Aryeh Warmflash

Dr. Aryeh Warmflash



Assistant Professor, Rice University

B.A., University of Pennsylvania, 2003
Ph.D., University of Chicago, 2008

Self-organized developmental patterning and modeling the cancer microenvironment

Research in the laboratory utilizes a combination of quantitative experiments and mathematical modeling to study signaling dynamics and spatial cellular organization in both normal development and during cancer progression. Research focuses on three major related areas:

Self-organized developmental patterning. During development, the cells of the embryo create patterns of cell fates and gene expression. We recently showed that some of the earliest steps of the patterning can be recapitulated in vitro with human embryonic stem cells using micropatterning technologies. This system allows us to study development using a “bottom-up” approach, in which we attempt to recapitulate and manipulate the development of hESCs. We are now using this system to address a number of questions regarding early development. What are the physical mechanism by which extracellular signals spread and how do cells use these signals to self-organize into fate patterns? What is the relationship between the dynamics of signaling in an individual cell and the fate it ultimately adopts? These questions are difficult to address in intact embryos, particularly in mammalian embryos that develop in utero, however, the hESC system allows us to finely manipulate both physical and chemical variables and to directly observe a variety of signaling and fate reporters in individual cells. The wealth of data generated from these experiments is organized and extended using a mathematical modeling approach that determines the landscape of fates available to a cell during early development and the relationship between those fates.

Modeling the cancer microenvironment. Interactions between healthy and diseased cells play an important role in cancer progression, however, little is known about how the parameters of those interactions shape the response. Using micropatterning technologies, we will recreate the geometry of the tumor microenvironment for ovarian cancer and study how the relative position of different cell types impacts outcomes such as cell proliferation and migration. We will also utilize signaling reporters to the TGF-β and Wnt pathways (known to be important for the interaction between ovarian cancer cells and cancer associated fibroblasts) to understand the dynamics of how these cells communicate. Ultimately, we hope that by understand the interactions between these different types of cells, we will be able to engineer particular dynamic signaling perturbations that can disrupt support for the cancer cells without affecting interactions between the healthy cells.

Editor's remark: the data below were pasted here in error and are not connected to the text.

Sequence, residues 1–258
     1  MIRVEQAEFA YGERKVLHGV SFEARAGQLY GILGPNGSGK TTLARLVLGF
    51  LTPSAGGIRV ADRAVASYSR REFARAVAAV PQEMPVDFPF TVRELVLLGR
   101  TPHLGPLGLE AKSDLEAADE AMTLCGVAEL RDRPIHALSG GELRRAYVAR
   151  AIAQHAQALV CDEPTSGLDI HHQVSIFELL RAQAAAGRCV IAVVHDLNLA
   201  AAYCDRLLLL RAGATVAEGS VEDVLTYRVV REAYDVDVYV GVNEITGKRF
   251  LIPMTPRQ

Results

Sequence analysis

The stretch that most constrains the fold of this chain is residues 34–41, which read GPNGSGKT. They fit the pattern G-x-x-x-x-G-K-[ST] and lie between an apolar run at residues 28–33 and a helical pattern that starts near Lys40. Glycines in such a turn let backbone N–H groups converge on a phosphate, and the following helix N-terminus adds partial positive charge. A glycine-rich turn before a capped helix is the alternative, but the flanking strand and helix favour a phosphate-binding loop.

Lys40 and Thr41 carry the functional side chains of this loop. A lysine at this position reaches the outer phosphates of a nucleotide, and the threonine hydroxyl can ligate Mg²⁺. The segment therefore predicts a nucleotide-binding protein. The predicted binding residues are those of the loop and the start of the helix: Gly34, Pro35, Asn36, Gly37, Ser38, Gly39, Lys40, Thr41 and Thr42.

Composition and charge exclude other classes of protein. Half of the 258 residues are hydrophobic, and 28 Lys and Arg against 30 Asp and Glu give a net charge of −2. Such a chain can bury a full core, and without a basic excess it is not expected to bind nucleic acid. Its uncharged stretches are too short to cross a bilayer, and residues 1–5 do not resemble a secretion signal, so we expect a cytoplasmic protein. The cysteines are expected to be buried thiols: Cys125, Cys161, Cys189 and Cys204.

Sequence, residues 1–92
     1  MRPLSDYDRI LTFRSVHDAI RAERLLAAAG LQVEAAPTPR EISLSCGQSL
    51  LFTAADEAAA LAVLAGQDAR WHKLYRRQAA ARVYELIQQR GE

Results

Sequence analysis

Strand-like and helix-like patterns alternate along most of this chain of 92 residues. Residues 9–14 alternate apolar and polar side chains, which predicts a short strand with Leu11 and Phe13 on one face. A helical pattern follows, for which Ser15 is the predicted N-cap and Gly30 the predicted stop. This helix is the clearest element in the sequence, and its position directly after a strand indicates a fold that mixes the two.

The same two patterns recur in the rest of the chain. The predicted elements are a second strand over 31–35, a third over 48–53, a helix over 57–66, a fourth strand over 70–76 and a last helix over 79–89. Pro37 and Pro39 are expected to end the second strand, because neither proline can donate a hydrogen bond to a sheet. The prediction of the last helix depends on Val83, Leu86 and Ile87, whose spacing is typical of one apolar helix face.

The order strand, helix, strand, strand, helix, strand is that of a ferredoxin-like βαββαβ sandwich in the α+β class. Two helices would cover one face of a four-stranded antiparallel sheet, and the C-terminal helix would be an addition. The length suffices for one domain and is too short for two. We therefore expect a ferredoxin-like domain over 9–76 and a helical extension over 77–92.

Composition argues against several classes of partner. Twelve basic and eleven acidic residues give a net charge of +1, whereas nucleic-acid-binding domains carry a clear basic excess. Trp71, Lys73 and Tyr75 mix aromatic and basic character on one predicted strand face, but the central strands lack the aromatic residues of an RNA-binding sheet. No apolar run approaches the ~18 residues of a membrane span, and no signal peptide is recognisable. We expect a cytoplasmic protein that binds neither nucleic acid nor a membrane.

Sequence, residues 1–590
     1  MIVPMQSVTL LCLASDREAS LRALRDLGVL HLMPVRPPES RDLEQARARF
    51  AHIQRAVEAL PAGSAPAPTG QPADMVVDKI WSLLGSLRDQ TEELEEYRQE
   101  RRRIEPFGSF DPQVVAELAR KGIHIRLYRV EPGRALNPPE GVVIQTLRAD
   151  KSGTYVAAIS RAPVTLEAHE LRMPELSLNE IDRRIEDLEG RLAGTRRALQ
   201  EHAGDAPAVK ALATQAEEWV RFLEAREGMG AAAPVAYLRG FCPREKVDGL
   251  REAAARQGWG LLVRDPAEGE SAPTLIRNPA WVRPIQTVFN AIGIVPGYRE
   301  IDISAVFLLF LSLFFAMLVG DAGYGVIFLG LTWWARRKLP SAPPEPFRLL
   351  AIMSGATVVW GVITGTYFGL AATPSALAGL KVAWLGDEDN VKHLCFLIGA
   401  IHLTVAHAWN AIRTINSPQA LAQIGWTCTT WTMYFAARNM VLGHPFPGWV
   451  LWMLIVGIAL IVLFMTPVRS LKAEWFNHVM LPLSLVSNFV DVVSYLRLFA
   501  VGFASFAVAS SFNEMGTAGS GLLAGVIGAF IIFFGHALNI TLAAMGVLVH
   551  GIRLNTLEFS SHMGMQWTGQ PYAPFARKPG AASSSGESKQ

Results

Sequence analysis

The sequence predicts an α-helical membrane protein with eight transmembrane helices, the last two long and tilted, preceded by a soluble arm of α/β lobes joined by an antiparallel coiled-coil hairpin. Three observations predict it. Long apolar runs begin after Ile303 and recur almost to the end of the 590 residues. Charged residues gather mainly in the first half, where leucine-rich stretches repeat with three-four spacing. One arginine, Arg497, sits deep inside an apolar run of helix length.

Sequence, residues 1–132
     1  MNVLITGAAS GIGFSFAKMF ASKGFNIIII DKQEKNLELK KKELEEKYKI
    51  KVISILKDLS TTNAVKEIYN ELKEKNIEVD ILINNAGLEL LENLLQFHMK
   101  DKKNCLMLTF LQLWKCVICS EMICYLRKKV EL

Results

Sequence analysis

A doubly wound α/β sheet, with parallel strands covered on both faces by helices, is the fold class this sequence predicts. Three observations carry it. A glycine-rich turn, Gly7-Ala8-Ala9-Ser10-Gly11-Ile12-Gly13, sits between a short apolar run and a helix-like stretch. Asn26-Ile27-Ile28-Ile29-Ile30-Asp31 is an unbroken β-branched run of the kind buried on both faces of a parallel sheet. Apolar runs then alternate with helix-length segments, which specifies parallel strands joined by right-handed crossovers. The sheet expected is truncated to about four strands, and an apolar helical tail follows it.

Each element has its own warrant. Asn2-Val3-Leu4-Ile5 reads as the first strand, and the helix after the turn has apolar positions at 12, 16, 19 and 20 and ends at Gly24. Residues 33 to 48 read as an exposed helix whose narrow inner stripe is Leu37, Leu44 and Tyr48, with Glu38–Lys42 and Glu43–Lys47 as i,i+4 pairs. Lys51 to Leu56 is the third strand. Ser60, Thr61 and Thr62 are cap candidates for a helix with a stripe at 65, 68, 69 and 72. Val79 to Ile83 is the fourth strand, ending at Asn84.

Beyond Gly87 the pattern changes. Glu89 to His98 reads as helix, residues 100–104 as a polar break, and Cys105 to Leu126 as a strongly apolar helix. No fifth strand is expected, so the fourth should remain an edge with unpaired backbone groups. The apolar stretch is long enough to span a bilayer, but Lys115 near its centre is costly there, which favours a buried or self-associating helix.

Selected Publications

Laslo P, Spooner CJ, Warmflash A, Lancki DW, Lee HJ, Sciammas R, Gantner BN, Dinner AR, Singh H (2006) Multilineage transcriptional priming and determination of alternate hematopoietic cell fates. Cell 126:755-766.

Warmflash A, Dinner AR (2008) Signatures of combinatorial regulation in intrinsic biological noise. Proceedings of the National Academy of Sciences USA 105:17262-17267.

Warmflash A, Bhimalapuram P, Dinner AR (2007) Umbrella sampling for nonequilibrium processes. Journal of Chemical Physics 127:154112.

Sciammas R, Li Y, Warmflash A, Song Y, Dinner AR, Singh H (2011) An incoherent regulatory network architecture that orchestrates B cell diversification in response to antigen signaling. Molecular Systems Biology 7:495.

Warmflash A, Zhang Q, Sorre B, Vonica A, Siggia ED, Brivanlou AH (2012) Dynamics of TGF-β signaling reveal adaptive and pulsatile behaviors reflected in the nuclear localization of transcription factor Smad4. Proceedings of the National Academy of Sciences USA 109:E1947-E1956.

Warmflash A, Arduini BL, Brivanlou AH (2012) The molecular circuitry underlying pluripotency in embryonic stem cells. Wiley Interdisciplinary Reviews: Systems Biology and Medicine 4:443-456.

Warmflash A, Francois P, Siggia ED (2012) Pareto evolution of gene networks: an algorithm to optimize multiple fitness objectives. Physical Biology 9:056001.

Warmflash A, Sorre B, Etoc F, Siggia ED, Brivanlou AH (2014) A method to recapitulate early embryonic spatial patterning in human embryonic stem cells.
Nature Methods 11:847-854.

Sorre B, Warmflash A, Brivanlou AH, Siggia ED (2014) Encoding of temporal signals by the TGF-β pathway and implications for embryonic patterning. Developmental Cell 30:334-342.

Contact Information

Aryeh Warmflash, Ph.D.

Rice University
Department of BioSciences
344 Anderson Biological Labs
Houston, Texas 77030, U.S.A.

Lab Website

Tel: (713) 348-2456

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